On Jan. 9, Feith placed a call to Garner in Manhattan. Garner was in a business suit delivering the year-end earnings report for his company, SYColeman, a subsidiary of defense contractor L-3 Communications Corp.
"I'm calling you as a request from Secretary Rumsfeld. We have to put together a team for postwar Iraq, if there is a war," the retired general remembers Feith saying. "We'd like for you to come in and do the planning, put the team together and get it organized."
Garner balked. At 64, he had been out of the Army almost six years and was deep into a lucrative second career with L-3, which had bought out his Santa Barbara-based SY Technology for about $48 million two years earlier.
"Well, I don't know if I can do that," Garner said he told Feith. "I've got a company here I'm running that's got about 2,000 people, and I've got a wife I've been married to for over 40 years, so I've got to get permission from both."
In the end, after securing his wife's blessing and a four-month leave from L-3, Garner moved back to the Pentagon on Jan. 17 — just 62 days before the military launched Operation Iraqi Freedom.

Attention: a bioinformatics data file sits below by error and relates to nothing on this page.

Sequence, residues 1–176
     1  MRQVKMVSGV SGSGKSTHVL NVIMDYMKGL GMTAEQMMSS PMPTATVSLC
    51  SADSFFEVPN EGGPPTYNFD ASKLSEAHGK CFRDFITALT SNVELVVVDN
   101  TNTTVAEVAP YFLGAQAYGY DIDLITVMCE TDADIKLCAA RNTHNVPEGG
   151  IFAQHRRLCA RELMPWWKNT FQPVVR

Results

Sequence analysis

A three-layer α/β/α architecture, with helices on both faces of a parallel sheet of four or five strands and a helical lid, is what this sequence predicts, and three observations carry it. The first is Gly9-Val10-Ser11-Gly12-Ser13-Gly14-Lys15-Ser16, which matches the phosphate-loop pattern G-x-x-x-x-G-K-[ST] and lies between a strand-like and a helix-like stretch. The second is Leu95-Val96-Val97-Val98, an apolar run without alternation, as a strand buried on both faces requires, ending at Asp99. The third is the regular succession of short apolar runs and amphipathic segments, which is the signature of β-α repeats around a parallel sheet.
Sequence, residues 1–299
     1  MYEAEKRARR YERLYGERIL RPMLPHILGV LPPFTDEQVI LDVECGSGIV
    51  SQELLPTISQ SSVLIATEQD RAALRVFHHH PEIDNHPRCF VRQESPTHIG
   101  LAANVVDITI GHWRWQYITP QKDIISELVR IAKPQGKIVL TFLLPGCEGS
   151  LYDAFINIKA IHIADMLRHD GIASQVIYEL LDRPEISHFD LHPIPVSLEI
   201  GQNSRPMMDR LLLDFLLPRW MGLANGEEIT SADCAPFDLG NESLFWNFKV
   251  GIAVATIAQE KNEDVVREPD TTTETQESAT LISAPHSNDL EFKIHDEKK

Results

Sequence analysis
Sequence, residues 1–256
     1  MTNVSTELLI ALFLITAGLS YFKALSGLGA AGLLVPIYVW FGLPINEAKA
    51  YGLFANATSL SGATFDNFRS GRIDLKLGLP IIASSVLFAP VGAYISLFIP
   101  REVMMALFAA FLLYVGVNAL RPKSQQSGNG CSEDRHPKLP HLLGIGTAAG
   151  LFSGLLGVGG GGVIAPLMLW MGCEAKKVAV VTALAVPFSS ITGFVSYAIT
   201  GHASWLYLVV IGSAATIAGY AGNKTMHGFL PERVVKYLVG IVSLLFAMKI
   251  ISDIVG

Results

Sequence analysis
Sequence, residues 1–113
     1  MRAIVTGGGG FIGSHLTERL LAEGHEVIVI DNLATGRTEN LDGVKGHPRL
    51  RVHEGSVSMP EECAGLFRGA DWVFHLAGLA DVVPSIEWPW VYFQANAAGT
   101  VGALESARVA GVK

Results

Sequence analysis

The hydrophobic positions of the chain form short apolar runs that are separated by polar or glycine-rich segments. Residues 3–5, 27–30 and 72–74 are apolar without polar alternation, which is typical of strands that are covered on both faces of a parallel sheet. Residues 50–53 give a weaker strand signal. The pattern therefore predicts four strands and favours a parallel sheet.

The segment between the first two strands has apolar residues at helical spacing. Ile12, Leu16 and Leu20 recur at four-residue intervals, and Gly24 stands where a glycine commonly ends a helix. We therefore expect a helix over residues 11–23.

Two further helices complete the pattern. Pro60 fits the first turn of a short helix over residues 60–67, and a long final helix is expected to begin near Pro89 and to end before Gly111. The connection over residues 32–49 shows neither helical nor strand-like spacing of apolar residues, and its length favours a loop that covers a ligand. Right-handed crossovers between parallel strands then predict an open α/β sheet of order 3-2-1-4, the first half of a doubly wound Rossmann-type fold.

Garner recalled the "vertical stovepipe" he inherited:
"Defense had done a lot of planning. State had done a lot of planning. USAID [the U.S. Agency for International Development] had done an awful lot of planning. Agriculture had done planning. Treasury had done an awful lot of planning. Justice Department had done an awful lot of planning.
"Each one of them did their own planning, and they did it — this isn't a criticism of them, it's just the way you start things — they did it with the perspective of their agency."
For example, the Central Command had drawn up detailed lists of targets the military should avoid in order to facilitate reconstruction. But it did so initially with no input from other agencies that had a more precise understanding of the vulnerabilities of Iraq's obsolescent infrastructure.
It wasn't until shortly before the first missiles and bombs were launched at Iraq that Garner's group added a long list of additional targets to be avoided, which he conceded was not entirely respected.
"What needed to happen was the horizontal integration of these plans. And there had been no mechanism to horizontally integrate them until Secretary Rumsfeld thought of putting ORHA together," Garner said.